For the same adjustment of the resonator that provides a clipping characteristic, the amplitude of the power reflected from the input of the resonator is related to the amplitude of the power incident on the resonator by the well known limiter characteristic. For this adjustment of the resonator low level amplitudes are reflected from the resonator with substantially zero loss whereas amplitudes of the incident power that exceed a predetermined threshold appear as a constant amplitude in the reflected power.
It is a feature of the present invention that very precise optical limiting and clipping charcteristics can be obtained. In the prior art apparatus the type of limiting characteristic that can be obtained is independent on the losses that are present in the resonator mirrors. Due to these losses there is no phase shift of the resonator which will provide a transmission of 100 percent of the power that is incident on the input end of the resonator. In the present invention, however, careful selection of the transmittance and reflectivity of the input and output mirror of the resonator can provide essentially zero power reflected from the resonator for a predetermined phase shift of the resonator. As a result, a very precise control over the limiting and clipping characteristic is obtained.
The invention will be more readily understood after reading the following detailed description in conjunction with the drawings wherein:
FIG. 1 is a schematic block diagram of the apparatus constructed in accordance with the present invention; and
FIGS. 2 through 6 are curves that are useful in describing the operation and adjustment of the apparatus shown in FIG. 1.
The reflectivity ρ for a lossless Fabry-Perot resonator with two mirrors of reflectivity R and transmissivity T can be expressed by the following equation: ##EQU1## Where P1 is the incident single frequency light power, Pr is the light power reflected by the resonator, and φ is the single pass phase shift in the resonator. In the apparatus shown in FIG. 1 the Fabry-Perot resonator consisting of mirrors 11 and 12 is substantially filled with an electrooptic material 13 onto which electrodes 14 and 15 have been deposited. A single frequency linearly polarized single mode of input optical energy is provided on beam 20. This energy is coupled through a beam splitter 21 to the input mirror 11 of the resonator 10. Optical energy Pr that is reflected by the resonator is deflected by beam splitter 21 to the input of a photodetector 22 whose output voltage is amplified by amplifier 23 and applied to electrodes 14 and 15 of the electrooptic material 13. In this apparatus the single pass shift φ can be expressed in terms of the following equation:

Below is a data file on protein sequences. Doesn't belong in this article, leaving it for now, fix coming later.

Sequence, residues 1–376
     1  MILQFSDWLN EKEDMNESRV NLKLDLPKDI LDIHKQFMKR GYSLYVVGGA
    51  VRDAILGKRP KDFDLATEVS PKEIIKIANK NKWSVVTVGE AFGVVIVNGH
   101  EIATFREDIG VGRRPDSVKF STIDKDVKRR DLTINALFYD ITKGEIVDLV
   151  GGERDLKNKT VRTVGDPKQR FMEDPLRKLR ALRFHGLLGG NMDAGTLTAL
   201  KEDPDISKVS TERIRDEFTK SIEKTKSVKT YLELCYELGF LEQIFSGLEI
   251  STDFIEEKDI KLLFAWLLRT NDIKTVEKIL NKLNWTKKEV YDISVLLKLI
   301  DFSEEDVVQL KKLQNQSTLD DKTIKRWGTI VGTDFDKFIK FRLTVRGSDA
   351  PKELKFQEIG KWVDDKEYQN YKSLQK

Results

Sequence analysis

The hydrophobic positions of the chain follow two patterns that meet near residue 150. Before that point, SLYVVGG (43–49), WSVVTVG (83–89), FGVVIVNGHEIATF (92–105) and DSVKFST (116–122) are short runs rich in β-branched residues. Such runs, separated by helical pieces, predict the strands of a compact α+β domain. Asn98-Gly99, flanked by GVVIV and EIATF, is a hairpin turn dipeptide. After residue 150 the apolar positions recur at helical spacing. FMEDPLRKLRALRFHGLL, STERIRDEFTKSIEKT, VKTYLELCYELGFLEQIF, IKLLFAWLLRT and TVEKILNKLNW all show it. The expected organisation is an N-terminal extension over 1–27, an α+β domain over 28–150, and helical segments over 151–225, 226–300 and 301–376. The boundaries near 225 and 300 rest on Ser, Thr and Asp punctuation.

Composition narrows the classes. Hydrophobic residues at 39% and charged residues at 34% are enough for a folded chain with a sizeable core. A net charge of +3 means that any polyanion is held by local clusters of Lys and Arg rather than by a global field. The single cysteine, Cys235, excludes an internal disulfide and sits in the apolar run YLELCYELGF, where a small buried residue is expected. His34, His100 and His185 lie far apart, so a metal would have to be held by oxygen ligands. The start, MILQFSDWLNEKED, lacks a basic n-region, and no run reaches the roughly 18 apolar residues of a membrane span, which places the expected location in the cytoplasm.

where n1 is the optical length of the resonator with no voltage applied to the electrooptic crystal, λ is the wavelength of the incident light, and C is a constant that depends on the detector amplifier and electrooptic modulator characteristics. Equation 2 can be rearranged and the resonator reflectivity ρ can be expressed in terms of the phase shift and constant C by the following equation: ##EQU2## The steady state condition developed in the apparatus of FIG. 1 can be determined by finding simultaneous solutions of Equations 1 and 3. These equations can also be solved graphically.